Apartments are expensive, depending on where you live in Costa Rica.  Escazu-western suburb of San Jose, the capital city-  the choice spot for foreigners-$1000 and up for a small apartment.

Some North American are settling in Grecia- thirty minutes  from Alajuela .  SJO international airport is located  in Alajuela.  Housing is somewhat less expensive here.  Also,  Atenas-about one and one half hours  from San Jose, is popular with North  Americans for its very nice climate of around 72 degrees year round.

What advice would you give people planning to retire to Costa Rica?  

First- enroll in a Spanish class…knowing at least some of the language will open a whole new world and make your life here more fulfilled.

Smile a lot and develop Patience.  Getting very upset and irritated- just look around- you are probably the only one upset!

You do want to be near other North Americans who organize social gathering- get to know each other and share what your are learning in this new country.

Admit you are going to be in cultural shock for quite sometimes.  Nothing works here like in North America, so learn not to say, “But back home we do it etc etc.”

Learn to live with high prices. You probably thought you were coming to Costa Rica to live “cheap”.  Surprise!

Accept that vehicles are very expensive in CR.  Twice what they cost in North America, and repairs are also very expensive.  All parts are imported and added gov. tax raises the prices.  Gas is around $4 gallon.  Auto insurance- well I buy it but still I do not understand it well…don’t move the vehicle in case of police  911–  call your insurance company..for a small fender bender you could be tired up for an entire afternoon.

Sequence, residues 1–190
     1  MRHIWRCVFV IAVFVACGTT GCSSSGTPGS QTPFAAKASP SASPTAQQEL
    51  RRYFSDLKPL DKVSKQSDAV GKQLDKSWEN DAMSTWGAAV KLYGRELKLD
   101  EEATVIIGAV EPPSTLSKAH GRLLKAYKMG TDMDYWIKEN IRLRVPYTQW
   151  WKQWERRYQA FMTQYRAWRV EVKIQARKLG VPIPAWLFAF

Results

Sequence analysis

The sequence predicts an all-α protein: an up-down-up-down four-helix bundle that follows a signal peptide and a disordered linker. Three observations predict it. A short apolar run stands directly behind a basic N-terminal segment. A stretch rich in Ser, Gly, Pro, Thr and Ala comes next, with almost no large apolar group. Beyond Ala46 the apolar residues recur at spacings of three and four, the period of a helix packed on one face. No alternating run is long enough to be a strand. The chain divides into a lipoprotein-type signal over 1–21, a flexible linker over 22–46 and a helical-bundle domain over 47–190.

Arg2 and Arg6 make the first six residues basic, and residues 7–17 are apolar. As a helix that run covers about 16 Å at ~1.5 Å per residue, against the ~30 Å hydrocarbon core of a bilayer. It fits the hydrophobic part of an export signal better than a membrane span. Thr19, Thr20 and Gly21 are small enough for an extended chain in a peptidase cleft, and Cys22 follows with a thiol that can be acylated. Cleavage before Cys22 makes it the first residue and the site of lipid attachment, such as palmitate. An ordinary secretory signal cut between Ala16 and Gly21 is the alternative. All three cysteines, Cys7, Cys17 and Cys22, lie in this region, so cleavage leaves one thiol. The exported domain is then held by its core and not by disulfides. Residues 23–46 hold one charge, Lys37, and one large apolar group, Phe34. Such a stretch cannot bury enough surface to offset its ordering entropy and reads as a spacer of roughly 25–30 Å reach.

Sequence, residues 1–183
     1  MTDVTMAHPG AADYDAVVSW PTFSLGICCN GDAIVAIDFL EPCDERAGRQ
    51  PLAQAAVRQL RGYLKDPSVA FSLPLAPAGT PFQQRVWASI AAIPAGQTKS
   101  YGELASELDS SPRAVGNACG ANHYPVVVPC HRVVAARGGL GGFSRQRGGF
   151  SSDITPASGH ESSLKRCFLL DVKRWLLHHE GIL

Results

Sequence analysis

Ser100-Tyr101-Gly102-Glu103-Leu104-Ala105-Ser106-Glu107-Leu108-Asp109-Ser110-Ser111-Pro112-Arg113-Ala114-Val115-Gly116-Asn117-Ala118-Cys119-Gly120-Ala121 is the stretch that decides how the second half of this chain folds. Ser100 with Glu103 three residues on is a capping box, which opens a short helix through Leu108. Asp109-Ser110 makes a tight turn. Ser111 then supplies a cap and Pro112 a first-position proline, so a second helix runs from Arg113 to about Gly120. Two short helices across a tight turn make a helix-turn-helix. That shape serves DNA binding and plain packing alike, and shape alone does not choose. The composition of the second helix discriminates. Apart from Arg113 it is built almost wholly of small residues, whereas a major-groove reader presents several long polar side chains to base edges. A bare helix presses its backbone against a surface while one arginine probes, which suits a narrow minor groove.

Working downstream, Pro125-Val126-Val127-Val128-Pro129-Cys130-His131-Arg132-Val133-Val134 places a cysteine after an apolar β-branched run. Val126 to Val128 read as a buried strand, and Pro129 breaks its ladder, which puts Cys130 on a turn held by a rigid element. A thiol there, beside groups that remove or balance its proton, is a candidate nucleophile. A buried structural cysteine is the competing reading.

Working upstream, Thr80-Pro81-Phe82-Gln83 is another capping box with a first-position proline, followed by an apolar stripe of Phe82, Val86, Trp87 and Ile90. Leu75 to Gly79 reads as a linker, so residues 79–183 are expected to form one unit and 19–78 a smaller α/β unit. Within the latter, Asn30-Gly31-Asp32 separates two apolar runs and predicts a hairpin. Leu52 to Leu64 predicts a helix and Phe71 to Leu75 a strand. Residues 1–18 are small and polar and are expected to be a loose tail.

If you want to be on CR roads–well how do I put this–the Costa Ricans drive like —–I have several words to describe them but best not write them here.  The best of the words is “Crazy”  This is my least favorite part of Costa Rican Society.

Second least favorite is the cost of security.  You have to make your home like a fortress.  Locks- locks- and double locks.  My friend asked my what are all those bars on all the windows?  I replied, ” Well, it is not for decoration.” Best if you settle in a gated community. This is a little better. You must have a garage for your vehicle or in the dark of the night—– you may get up in the morning and never see your wheels again.


Important to know- Costa Ricans do not like confrontation.  They will not tell you the hard truth.  They don’t like to argue. In the end many times telling you what you want to hear.  So you never know –how solid is the ground I’m standing on?